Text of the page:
Earth's ozone hole, shown here (in blue) in 2006, could be negatively affected by some efforts to decrease climate change.
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Courtesy of NASA

Injecting Sulfate Particles into Stratosphere Could Have Drastic Impact on Earth's Ozone Layer
News story originally written on April 24, 2008

Some scientists are looking for methods that will help cool the Earth and cancel out global warming. But a new study says that one of these methods would have a huge impact on the Earth's protective ozone layer and would delay the recovery of the Antarctic ozone hole by decades and cause a lot of ozone loss over the Arctic. Simone Tilmes, the lead scientist on this study, says that this attempt to cool down the Earth might just create other problems that people will have to deal with. The ozone layer is critical for life on Earth because it blocks dangerous ultraviolet radiation from the Sun.

Climate scientists have been looking for ways to cool the planet and reduce the most serious impacts of global warming because they are worried that humans aren't doing enough to prevent major changes in climate. One of the most-discussed ideas is to regularly inject large amounts of sun-blocking sulfate particles into the stratosphere, which is one of the layers of the atmosphere. The goal would be to cool the climate, the same way that sulfur particles from large volcanic eruptions have cool the Earth.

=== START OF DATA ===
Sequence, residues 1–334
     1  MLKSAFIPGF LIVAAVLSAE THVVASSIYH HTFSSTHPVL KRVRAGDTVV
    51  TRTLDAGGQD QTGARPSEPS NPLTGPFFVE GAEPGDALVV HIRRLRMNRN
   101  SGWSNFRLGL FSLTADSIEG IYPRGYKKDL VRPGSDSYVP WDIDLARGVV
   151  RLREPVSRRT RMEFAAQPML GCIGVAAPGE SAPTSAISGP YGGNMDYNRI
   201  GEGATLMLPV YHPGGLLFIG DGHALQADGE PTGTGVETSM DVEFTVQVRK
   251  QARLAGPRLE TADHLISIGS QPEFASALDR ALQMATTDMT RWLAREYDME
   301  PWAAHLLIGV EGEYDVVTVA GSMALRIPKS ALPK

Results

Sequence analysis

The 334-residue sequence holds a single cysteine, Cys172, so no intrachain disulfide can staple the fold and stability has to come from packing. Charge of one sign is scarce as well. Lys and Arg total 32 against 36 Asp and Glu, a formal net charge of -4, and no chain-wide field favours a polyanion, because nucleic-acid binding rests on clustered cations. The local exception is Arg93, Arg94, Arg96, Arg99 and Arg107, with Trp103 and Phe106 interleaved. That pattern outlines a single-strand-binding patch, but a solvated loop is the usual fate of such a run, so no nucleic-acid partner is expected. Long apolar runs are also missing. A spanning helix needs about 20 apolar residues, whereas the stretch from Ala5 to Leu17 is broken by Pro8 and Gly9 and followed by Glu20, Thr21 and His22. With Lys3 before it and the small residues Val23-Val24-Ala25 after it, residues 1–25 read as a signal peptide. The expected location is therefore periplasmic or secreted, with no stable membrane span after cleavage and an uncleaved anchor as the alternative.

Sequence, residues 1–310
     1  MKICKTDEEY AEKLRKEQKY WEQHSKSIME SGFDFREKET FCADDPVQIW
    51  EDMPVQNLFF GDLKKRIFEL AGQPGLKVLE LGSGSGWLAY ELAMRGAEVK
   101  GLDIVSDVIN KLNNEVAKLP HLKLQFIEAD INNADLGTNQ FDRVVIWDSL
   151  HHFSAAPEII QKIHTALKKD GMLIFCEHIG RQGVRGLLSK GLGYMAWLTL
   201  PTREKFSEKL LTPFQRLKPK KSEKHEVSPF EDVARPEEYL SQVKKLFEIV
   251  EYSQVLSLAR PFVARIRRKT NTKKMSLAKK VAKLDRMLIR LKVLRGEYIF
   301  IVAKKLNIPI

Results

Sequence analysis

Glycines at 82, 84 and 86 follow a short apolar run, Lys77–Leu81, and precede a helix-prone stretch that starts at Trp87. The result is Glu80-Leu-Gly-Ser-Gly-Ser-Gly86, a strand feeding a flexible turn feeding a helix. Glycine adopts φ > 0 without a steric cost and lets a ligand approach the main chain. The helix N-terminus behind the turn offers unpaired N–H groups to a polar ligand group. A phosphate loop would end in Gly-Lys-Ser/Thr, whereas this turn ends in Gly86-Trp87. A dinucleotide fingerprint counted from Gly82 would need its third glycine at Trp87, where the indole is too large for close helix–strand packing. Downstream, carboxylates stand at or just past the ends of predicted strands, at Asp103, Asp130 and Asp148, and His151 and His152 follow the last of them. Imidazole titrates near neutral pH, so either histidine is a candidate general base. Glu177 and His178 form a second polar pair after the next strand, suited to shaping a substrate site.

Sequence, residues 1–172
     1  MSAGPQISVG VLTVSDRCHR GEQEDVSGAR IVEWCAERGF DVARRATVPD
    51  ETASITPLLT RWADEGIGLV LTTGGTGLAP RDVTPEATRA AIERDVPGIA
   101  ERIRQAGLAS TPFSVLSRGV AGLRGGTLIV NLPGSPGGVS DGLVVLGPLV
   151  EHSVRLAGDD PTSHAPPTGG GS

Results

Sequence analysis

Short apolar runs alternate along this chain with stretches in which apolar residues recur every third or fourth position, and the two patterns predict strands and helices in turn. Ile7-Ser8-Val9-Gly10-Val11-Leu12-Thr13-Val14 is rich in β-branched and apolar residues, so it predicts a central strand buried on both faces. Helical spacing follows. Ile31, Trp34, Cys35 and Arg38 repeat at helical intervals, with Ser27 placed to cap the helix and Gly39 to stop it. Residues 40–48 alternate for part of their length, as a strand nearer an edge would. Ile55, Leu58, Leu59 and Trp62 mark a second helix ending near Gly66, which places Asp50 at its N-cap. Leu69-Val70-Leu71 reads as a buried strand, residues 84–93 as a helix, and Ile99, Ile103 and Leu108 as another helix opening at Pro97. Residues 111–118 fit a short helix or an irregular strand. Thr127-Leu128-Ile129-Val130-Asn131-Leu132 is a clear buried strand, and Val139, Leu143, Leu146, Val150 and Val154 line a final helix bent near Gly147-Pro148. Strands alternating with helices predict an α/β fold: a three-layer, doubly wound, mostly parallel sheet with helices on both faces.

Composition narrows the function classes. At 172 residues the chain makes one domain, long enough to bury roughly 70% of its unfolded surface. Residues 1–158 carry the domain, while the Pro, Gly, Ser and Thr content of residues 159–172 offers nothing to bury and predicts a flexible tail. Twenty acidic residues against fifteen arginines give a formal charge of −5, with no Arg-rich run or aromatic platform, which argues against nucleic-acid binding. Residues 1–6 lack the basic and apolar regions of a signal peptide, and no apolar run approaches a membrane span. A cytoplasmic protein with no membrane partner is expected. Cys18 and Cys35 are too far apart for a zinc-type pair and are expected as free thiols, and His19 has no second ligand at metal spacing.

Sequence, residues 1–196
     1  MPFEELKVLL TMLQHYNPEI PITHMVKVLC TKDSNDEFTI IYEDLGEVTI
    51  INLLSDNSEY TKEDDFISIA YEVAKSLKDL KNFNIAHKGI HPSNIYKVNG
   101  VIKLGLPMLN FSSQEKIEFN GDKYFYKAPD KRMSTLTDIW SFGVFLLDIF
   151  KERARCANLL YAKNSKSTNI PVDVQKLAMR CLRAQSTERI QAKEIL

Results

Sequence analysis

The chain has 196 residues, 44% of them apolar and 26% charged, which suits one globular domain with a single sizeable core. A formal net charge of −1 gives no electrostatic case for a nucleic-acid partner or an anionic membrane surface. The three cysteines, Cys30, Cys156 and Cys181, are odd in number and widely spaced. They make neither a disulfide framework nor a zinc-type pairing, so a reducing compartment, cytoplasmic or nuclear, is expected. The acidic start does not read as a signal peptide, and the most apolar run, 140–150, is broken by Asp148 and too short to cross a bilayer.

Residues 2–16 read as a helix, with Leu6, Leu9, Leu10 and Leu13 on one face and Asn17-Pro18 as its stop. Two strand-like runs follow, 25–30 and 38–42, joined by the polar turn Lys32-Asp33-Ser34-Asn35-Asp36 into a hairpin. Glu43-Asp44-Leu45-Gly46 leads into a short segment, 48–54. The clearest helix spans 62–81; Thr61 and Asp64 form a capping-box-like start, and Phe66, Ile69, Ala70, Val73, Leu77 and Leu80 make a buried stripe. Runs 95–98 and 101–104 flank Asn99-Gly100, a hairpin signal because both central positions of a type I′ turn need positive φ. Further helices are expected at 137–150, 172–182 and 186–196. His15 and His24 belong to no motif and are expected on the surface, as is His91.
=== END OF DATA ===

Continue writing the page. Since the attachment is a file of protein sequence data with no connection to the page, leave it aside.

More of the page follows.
Since volcanic eruptions thin the ozone layer in the stratosphere for a short time, Simone Tilmes and a group of scientists looked into the impacts that this type of plan could have on ozone. The results of their study showed that, over the next few decades, artificial injections of sulfates could destroy between one-fourth and three-fourths of the ozone layer above the Arctic. This could affect a large part of the Northern Hemisphere because of the way air circulates in this area. The sulfates would also delay the expected recovery of the ozone hole over the Antarctic by about 30 to 70 years, or until the end of the twentieth century.

The scientists concluded that there needs to be more research on what this can do to the Earth before we decide that injecting sulfates into the stratosphere is a good thing for our planet.

Last modified May 29, 2008 by Becca Hatheway.

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